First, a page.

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Crawford still has hopes of pitching for Giants one day

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Brandon Crawford

Brandon Crawford's huge first half is a big reason why the Giants are in first place, and it will land him in the All-Star Game next month and possibly put him back in contention for a fourth Gold Glove Award.

Crawford could get MVP consideration in a few months, and if he can keep this up, he'll be in a good position to re-sign with the Giants, something that was far from guaranteed for the hometown shortstop before the season started. 

With 17 homers, 51 RBI and 2.4 Wins Above Replacement, Crawford is once again one of the best players in the National League. There's just one (very minor) downside to all of the success.

At 34 and in the final year of his contract, Crawford has made himself far too valuable to live out his longtime dream of getting on a mound in a big league game. 

"I definitely would love to at some point and I told Kap that I was ready," Crawford said on this week's Giants Talk Podcast. "He thought about it and then after the game he was like, 'Yeah, we can't do that.' It's probably not going to happen but it would be fun at some point."

Manager Gabe Kapler isn't opposed to putting a position player on the mound. He used Tyler Heineman in a blowout last year and Darin Ruf in one earlier this season, and before Heineman took the mound against the A's last August 16, Crawford put his hand up. But even then, Crawford was far too irreplaceable for the Giants to take the injury risk. 


"I have no doubt that he would be able to throw strikes, but as competitive as Brandon is, the likelihood is that he would probably try to throw strikes and then some, and try to win those battles," Kapler said. "I think it would be a lot of fun to see him out there and at the same time, I'm not sure I could live with myself if there was an (injury), even if it just took him out of games for a couple of days. That's not to say that we ever want to put anybody in harm's way, but especially with Brandon it feels like there's a lot on the line given he's our everyday shortstop and a guy that means so much to us right now."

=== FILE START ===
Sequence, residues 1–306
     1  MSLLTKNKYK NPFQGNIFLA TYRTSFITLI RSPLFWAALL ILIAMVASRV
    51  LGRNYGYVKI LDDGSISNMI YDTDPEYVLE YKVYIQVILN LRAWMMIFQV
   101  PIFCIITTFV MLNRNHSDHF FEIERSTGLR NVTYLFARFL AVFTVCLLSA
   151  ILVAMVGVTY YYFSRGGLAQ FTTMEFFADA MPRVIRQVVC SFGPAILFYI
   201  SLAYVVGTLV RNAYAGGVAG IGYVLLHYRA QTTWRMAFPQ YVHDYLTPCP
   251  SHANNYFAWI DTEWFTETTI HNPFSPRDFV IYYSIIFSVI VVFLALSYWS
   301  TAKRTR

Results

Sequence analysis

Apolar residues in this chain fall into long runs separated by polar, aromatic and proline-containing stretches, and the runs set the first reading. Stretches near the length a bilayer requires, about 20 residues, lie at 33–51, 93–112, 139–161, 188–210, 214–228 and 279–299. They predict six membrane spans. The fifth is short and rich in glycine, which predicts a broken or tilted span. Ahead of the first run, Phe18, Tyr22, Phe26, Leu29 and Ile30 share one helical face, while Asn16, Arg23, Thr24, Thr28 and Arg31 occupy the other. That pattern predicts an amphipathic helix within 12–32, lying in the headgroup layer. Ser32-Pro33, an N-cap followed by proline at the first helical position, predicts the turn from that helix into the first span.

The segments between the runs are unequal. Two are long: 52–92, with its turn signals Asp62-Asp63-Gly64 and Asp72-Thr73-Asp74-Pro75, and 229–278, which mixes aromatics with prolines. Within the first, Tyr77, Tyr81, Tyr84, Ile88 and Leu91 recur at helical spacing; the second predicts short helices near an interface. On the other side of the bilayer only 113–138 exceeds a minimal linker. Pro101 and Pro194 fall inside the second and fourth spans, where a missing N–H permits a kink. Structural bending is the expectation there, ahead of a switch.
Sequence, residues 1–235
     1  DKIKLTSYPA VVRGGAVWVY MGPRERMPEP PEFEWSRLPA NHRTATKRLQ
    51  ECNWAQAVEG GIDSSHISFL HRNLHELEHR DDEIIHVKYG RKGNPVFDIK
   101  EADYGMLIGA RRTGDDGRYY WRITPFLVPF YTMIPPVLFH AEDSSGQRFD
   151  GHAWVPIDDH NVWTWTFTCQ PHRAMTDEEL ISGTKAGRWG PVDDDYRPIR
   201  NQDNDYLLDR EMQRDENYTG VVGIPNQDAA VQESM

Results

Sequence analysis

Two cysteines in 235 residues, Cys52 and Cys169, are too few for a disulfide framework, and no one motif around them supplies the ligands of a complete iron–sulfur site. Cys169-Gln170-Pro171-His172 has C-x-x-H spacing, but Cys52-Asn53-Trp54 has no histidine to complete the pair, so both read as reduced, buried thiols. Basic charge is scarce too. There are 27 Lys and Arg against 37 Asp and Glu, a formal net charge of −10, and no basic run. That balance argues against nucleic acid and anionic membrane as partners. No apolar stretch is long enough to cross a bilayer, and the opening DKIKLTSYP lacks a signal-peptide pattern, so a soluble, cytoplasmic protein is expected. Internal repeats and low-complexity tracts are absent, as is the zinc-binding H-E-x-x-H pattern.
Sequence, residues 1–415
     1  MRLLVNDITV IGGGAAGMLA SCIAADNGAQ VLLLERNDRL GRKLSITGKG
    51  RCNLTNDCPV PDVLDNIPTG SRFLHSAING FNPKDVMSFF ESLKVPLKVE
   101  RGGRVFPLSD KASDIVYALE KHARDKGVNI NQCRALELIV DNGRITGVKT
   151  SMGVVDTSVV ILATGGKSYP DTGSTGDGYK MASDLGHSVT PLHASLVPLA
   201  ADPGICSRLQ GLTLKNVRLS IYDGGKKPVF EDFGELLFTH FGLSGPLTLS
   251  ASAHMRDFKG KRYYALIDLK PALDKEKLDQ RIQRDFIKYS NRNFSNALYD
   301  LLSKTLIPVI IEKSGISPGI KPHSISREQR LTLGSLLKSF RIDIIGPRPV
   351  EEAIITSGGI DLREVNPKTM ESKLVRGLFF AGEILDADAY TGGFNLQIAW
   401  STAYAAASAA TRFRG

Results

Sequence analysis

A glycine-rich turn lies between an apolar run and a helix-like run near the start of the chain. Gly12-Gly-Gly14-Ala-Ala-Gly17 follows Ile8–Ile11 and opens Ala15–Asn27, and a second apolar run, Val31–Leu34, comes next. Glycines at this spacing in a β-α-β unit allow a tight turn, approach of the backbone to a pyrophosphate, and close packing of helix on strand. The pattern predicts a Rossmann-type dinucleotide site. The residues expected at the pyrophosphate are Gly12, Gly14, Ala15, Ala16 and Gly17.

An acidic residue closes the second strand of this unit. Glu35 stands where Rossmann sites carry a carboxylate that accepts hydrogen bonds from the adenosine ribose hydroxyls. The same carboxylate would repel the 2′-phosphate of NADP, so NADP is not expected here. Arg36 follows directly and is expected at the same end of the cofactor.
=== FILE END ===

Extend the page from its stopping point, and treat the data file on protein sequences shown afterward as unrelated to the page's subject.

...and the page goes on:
The Brandons have been talking for a decade about how they would like to get on a mound, and Crawford in particular regularly mimics pitchers during batting practice and occasionally gets a few actual pitches in as players wait around during spring training drills. 

Belt was a good left-handed pitching prospect as a Texas high schooler, so much so that years later another Texan recalled that it was Belt's arm, not bat, that stood out as a teenager.

"You should have seen him pitch in high school," Clayton Kershaw said in 2013. "He was known for how good he was on the mound."

Crawford pitched in high school and ended up making a few relief appearances at UCLA when the team was having issues closing games and allowed the shortstop to audition for a dual role with a bullpen session. Crawford has said in the past that he got it up to 93 mph on the mound as a junior. The repertoire has become more varied as a professional, and Crawford would have something else to bring to the mound. 

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In recent years, Crawford has cracked up teammates by impersonating some of the more unique pitchers on staff like Johnny Cueto, Jeff Samardzija and Tyler Rogers. He said he would love to take some of those moves into a game.

"I would probably throw a shimmy out there, maybe a quick slide step that Johnny does every once in a while," Crawford said. "I don't know if I would go full Rogers but I would definitely drop down at least once also."

A Crawford relief appearance might rival Pablo Sandoval's entertaining debut on the mound, but it'll have to wait. He's far too valuable to be used to get through an inning in a blowout this year, but perhaps this hot start will allow Crawford to one day pitch for the Giants. One of the few Giants fans who has seen Crawford on a mound has a pretty good solution: 


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